‘The Intelligent Investor’ is one of the best books ever written on investing, as said by the famous investor Warren Buffett. Benjamin Graham authored the book while focusing on the value investing strategy. If you are new to the investment field, this book can build a strong foundation regarding the stock market perception.
Here are the five major ideas that you can gain from the book ‘The Intelligent Investor’
1. Investment Vs Speculation
Graham has highlighted the major line between Investment and Speculation. According to Graham ” Investment is an operation which, upon thorough analysis promises safety of principal and an adequate return. Operation not meeting these requirement is speculation.”
Graham insists that one should not mix the investing and speculative activities. However, he is not against the speculation. He simply suggest one to separate from other. The investor should have a clear idea about which of his operation are investments and which ones are speculative activities. While entering into speculation, one should be aware that there is a chance for permanent loss of capital. Investment, on the other hand should always ensure safety of capital.
2. Defensive Vs Enterprising Investor
Benjamin Graham states that there are two different types of investors depending upon the time, skill, and effort they put into their operations. One is defensive or passive investor. The other is enterprising or active investor. Graham doesn’t differentiate whether one is better than the other. He states that both differ in strategy that they should implement in their investment operation.
A defensive investor should focus more on the preservation of capital. Hence, he accepts relatively less return provided that the risk is minimized. So, he must choose a diversified portfolio of high-grade bonds and common stocks with bonds outweighing the stocks. Stocks in his portfolio have low risk and provide high dividend yield. Through this strategy, the defensive investor will receive freedom from spending large amount of time in his investment operation along with the safety of principal.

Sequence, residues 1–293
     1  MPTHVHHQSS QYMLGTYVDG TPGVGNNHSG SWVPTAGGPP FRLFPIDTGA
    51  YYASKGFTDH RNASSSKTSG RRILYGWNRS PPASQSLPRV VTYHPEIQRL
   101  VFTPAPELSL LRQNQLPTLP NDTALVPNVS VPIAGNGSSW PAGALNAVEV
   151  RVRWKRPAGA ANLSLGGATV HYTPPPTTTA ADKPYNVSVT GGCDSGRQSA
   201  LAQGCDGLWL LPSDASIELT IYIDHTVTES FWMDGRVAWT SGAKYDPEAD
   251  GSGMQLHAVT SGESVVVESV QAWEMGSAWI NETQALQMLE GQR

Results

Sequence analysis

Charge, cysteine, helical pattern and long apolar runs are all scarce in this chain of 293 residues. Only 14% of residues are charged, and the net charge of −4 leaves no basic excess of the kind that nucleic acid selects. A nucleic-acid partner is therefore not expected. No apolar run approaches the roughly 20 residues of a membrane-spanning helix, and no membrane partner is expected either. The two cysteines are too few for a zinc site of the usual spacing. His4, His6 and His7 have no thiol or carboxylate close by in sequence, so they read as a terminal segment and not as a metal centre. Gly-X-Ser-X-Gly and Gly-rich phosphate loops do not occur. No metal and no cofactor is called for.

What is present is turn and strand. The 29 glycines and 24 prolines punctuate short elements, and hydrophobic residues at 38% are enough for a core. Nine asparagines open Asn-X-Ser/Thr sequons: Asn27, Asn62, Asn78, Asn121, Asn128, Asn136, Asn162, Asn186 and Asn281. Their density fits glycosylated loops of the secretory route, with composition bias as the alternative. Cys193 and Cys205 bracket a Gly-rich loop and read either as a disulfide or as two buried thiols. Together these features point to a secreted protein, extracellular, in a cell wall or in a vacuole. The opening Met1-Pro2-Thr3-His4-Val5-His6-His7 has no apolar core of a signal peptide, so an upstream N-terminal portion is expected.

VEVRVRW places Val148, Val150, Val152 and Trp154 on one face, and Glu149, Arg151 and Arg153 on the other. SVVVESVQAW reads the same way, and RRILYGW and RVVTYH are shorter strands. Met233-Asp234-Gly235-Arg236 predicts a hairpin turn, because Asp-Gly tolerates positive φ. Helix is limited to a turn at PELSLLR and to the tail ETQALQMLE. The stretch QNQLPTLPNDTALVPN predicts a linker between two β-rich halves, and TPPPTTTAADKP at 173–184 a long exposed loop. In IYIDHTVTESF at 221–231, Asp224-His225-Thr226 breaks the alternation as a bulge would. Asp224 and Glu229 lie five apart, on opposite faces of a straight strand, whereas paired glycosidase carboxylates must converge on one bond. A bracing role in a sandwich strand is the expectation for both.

On the other hand, the enterprising investor focuses on the growth of capital. His portfolio is inclined largely to stocks with some bonds mixed in. The enterprising investor will actively exercise his skill and effort and hunt for stocks which are at bargain level than his present holdings. If he is successful in his endeavor, he/she will generate maximum return.
3. Price Vs Value
Price and Value are not the same. Price of the stock is the market price at which the stock is currently trading. Value, on the other hand is the worth of the business based on its assets and earnings. Simply, Price is what you pay, Value is what you get.
If a stock is currently trading at the stock market at Rs. 1000 per share, then this is its price. However, Value of same stock may differ from the price. The value may be Rs. 500 per share based on its assets and the earnings capability. Even if it is trading at a price of Rs. 1,000 it is merely worth Rs. 500.